Europe fought back superbly in Friday’s afternoon session to trail 5-3 in the Solheim Cup after the United States won all four of the morning matches.
The US recorded just their second clean sweep of a session as they raced into a 4-0 lead at Finca Cortesin, in Spain.
However, defending champions Europe edged a sensational second session 3-1 with two wins and two halved matches.
“I’m immensely proud of the way the entire team fought back,” said Europe captain Suzann Pettersen.
“It is not easy to start the afternoon knowing you are four down. Hats off to all my players for the way they fought and showed their character.”
US skipper Stacy Lewis accepted the morning session score was “unexpected”.
She added: “All the matches were close all day long. The two halves this afternoon were really key for us but we were a hole-in-one and a chip away from leading 6-2. It was a really good day for us.”
Lewis was referring to Emily Pedersen’s ace on the 12th and a winning Leona Maguire chip on the 18th.
Pedersen hit just the second hole-in-one in Solheim history, on the par-three 12th in the afternoon fourballs and she celebrated with hugs from her caddie and playing partner Maja Stark, while even US opponent Allisen Corpuz gave her a high-five.
The European pair never led in a tight match that went down the last all square and Stark holed a 12-footer to ensure they picked up a half point.
That followed a 4&2 victory for home favourite Carlota Ciganda and Sweden’s Linn Grant, who always looked comfortable against Angel Yin and Ally Ewing. They were two up after four and lost only one hole as they secured the first full point for the Europeans.
The other two matches had also been level going down the 18th.
Maguire chipped in for a four and then watched as Lexi Thompson and Lilia Vu failed to match her score as the Irishwoman and England’s Georgia Hall snatched victory.
“To finish off the way Leona did, she is made for that,” said Pettersen. “She turned round to me and said ‘how would you have done it? And I said, ‘just the same’.”
That win came moments after Scotland’s Gemma Dryburgh and Sweden’s Madelene Sagstrom earned a half point against Rose Zhang and Megan Khang.
It was a remarkable turnaround in fortunes for the Europeans who had endured a chastening morning in Andalucia, southern Spain.
But there were crumbs of comfort for Europe in that three of those lost matches were see-saw battles that could have gone either way.
And in the afternoon session, matches that were equally as tight, turned the blue of Europe.
Dryburgh and Sagstrom won three holes in four from the 11th to turn the top match from one down to one up. The match was back level after the 15th and they halved the next two.
Zhang, 20, then had a 10-foot putt to win the match on the last but her effort curled wide of the hole.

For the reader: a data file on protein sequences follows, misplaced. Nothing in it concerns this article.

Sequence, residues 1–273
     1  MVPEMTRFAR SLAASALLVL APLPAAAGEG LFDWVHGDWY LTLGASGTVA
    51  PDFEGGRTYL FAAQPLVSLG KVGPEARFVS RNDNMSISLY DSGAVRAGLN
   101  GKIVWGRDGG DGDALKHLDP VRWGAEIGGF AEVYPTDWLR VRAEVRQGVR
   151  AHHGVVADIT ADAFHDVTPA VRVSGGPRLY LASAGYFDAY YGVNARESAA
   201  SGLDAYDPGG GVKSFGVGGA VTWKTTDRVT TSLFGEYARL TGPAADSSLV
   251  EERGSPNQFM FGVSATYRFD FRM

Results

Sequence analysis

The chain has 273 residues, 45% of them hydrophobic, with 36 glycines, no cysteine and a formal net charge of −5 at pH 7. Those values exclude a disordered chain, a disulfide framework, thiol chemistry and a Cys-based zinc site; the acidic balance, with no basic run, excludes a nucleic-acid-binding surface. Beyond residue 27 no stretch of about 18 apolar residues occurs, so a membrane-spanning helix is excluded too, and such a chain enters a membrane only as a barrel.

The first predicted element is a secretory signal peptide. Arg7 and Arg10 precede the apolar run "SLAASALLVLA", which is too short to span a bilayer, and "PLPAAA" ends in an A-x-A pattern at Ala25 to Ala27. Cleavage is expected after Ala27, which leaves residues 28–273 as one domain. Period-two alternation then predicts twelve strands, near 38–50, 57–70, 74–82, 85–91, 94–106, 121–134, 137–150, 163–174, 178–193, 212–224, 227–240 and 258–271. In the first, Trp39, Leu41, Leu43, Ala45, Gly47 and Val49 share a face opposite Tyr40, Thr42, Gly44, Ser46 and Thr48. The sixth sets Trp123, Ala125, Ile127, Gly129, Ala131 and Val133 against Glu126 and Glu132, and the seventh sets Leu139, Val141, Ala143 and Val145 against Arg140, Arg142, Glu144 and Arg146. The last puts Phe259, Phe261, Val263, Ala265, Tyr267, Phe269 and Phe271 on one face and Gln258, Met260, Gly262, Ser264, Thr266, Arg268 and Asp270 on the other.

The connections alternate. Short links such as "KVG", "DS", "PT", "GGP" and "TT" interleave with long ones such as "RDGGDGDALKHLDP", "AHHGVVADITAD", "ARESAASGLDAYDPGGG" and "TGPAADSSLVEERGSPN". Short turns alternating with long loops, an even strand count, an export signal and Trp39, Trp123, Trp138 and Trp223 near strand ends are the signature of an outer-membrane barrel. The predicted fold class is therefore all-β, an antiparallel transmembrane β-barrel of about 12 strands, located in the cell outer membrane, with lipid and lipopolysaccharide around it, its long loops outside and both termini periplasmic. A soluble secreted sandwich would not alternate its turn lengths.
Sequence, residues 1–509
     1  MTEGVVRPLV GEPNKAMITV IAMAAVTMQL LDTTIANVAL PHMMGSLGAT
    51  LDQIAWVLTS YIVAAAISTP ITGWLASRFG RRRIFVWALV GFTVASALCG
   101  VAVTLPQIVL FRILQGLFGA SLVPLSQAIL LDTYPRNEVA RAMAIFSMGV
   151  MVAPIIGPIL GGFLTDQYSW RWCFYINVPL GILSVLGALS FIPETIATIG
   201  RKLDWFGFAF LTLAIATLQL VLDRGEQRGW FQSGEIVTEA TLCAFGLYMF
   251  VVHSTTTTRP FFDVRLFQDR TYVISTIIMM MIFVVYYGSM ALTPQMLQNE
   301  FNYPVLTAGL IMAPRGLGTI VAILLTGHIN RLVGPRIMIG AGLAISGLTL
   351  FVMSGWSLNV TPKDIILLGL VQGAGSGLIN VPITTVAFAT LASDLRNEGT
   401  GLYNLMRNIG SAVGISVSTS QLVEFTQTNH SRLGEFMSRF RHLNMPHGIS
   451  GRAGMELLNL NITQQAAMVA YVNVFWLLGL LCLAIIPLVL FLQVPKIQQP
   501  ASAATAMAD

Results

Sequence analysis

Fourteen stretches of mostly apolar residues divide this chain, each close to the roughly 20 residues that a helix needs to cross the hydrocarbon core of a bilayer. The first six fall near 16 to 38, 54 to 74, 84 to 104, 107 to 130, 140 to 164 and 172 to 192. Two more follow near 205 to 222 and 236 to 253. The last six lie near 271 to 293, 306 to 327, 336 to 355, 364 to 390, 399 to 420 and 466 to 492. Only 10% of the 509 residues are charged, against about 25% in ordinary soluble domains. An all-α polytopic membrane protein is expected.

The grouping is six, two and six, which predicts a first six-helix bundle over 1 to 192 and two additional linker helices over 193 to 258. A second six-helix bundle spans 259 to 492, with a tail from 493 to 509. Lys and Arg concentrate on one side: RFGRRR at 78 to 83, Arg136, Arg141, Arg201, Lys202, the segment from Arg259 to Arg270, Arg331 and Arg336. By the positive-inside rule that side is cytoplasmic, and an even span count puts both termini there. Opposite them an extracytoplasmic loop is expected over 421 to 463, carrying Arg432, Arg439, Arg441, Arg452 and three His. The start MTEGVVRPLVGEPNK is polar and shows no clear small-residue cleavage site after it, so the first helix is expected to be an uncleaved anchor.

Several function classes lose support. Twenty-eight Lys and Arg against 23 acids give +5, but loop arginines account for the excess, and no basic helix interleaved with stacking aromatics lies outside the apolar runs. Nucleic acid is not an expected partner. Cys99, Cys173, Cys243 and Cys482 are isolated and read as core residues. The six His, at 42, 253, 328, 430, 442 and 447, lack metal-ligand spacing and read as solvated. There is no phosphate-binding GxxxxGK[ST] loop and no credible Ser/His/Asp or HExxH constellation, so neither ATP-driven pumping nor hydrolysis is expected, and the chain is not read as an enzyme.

The second match saw Hall and Maguire move ahead on the fourth hole, a lead they would keep until the par-four 14th hole, when Thompson drove the green and holed her eagle putt.
Europe won the next in par but world number two Vu birdied the 17th to restore parity. The 18th was equally tight. Maguire chipped in from 25 yards for a four but Thompson had a chance for a three.
However, the American, who was 15 feet from the pin, shanked her chip from the rough and ended up 30 yards away. Vu then missed from 20 feet and Europe had another point.
US dominate morning session
Grant and Stark had demanded that Pettersen put them out first in the foursomes – a format where the players share one ball and hit alternate shots – but they got off to a poor start, losing the first three holes against Thompson and Khang.
Stark holed short putts on the sixth and 11th holes to drag them back into the match before Grant rolled in from a dozen feet on the 13th to level the match.
But Thompson, who has been in poor form this season, repaid the faith shown in her by US skipper Lewis with an eight-footer to win the 15th, and when Grant missed a tiddler on the 17th the US had a second point on the board.
The first had been posted by Ally Ewing and Cheyenne Knight in the bottom match as they steamrollered Charley Hull and Pedersen 5&4.
Hull, who has been battling a neck injury this week, and Pedersen had an error-strewn front nine, losing six holes. They won the 10th with a six-foot birdie putt from Pedersen, but it was too little, too late.
“Charley is OK,” said Pettersen. “She probably didn’t feel the best on the front nine and the more she played she felt better, so she’ll be fine.
“Charley and Emily had a tough match and sometimes the numbers look quite ugly. She felt good this afternoon and you will see her [on Saturday].”
The middle two matches went to the 18th, which did not surprise US captain Lewis, who said: “We knew just seeing the pairings that those were going to be tough and fortunately we were on the right side of it.”
The previously unbeaten partnership of Hall and Celine Boutier were always in their match with Kang and Andrea Lee, and there was never more than one hole in it. But Boutier was unable to knock in from 15 feet on the last as the Americans won a third point.
In the third match, world number two Nelly Korda had gifted Maguire and Anna Nordqvist the first hole, hitting her opening shot into a lake when attempting to drive the first green.
But Korda and US Open champion Corpuz won three holes in succession from the third, and also took the ninth, after the Europeans had drawn level by winning the sixth and seventh.
The US went two ahead by the 11th but Maguire, who was unbeaten in five matches on her Solheim debut in 2021, birdied the 16th to reduce the deficit and rolled in another lengthy putt on the 17th to ensure the match went to the 18th.
But Corpuz holed a short one to crush any hopes of Europe salvaging a half point from the morning session.
As defending champions, Europe need 14 of the 28 available points to retain the Solheim Cup, while the US need 14½ to regain it for the first time since 2017.